Medications for gout and gastroesophageal reflux disease (GERD) from Takeda Canada Inc. are now being covered by the Quebec provincial health plan.


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Takeda drugs for gout, GERD get coverage in Quebec

June 7th, 2011

MISSISSAUGA, Ontario – Medications for gout and gastroesophageal reflux disease (GERD) from Takeda Canada Inc. are now being covered by the Quebec provincial health plan.

Takeda Canada, a division of Japan-based Takeda Pharmaceutical Co., said Tuesday that its gout treatment Uloric (febuxostat) became covered in Quebec effective June 1 and that Dexilant (dexlansoprazole), the company's medication for GERD, has been added to the provincial formulary.

Gout, a form of arthritis, is caused by above-normal levels of serum uric acid in the blood. According to Takeda, the underlying cause of gout is hyperuricemia, or high levels of uric acid in the blood — the key target in the treatment and management of gout. Uloric lowers the level of serum uric acid in the blood by stopping the body from turning purines into uric acid, which can accumulate and form crystals and deposits in the joints. The deposits result in inflammation causing pain, swelling, redness and tenderness of the area. In many people, gout initially attacks the joint of the big toe. Over time, attacks become more frequent and severe and can move into other joints, such as the ankles, knees, heels, wrists, elbows and fingers.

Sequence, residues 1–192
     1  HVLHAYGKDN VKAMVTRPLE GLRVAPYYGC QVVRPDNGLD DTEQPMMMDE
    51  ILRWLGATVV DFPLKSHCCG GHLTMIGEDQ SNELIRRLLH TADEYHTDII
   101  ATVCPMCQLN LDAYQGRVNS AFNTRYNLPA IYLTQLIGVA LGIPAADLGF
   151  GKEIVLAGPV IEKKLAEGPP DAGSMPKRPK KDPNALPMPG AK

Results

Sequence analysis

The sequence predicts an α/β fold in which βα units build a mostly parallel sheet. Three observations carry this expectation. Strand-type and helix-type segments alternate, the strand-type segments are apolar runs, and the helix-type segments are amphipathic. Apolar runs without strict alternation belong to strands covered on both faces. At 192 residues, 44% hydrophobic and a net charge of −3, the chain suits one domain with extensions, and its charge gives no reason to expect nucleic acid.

Takeda said it continues to work with officials in other provinces to ensure all Canadians with gout who rely on provincial drug plans will equally have access to Uloric. The drug was approved for use in Canada in September 2010.

Meanwhile, patients in Quebec with GERD now have open access to a new treatment option that offers improved and sustained symptom relief, as the Régie de l'assurance maladie Quebec has put Dexilant on the provincial formulary, according to Takeda.

A proton pump inhibitor (PPI), Dexilant features a Dual-Delayed Release technology for the once-daily treatment of heartburn associated with symptomatic nonerosive gastroesophageal reflux disease, the healing of erosive esophagitis and the maintenance of healed erosive esophagitis, Takeda said. Quebec residents who qualify for the province's Public Prescription Drug Insurance Plan (those 65 and older, recipients of last-resort financial assistance and those who are not covered by private plans) are eligible.

GERD is a chronic condition that affects about a third of the Canadian population and, if left untreated, can result in damage to the esophagus leading to ulcers and bleeding, Takeda reported. It's estimated that GERD sufferers are absent from work 16% of the year because of uncontrolled symptoms, the company noted.

"Takeda is dedicated to developing health care solutions that address the unmet medical needs of patients, and we are thrilled that Quebec has recognized the needs of GERD patients," stated Paul Friel, general manager and president of Takeda Canada. "By adding Dexilant to the provincial formulary, the province is not only helping more patients gain access to this new treatment option, but helping these patients get back to living better lives."

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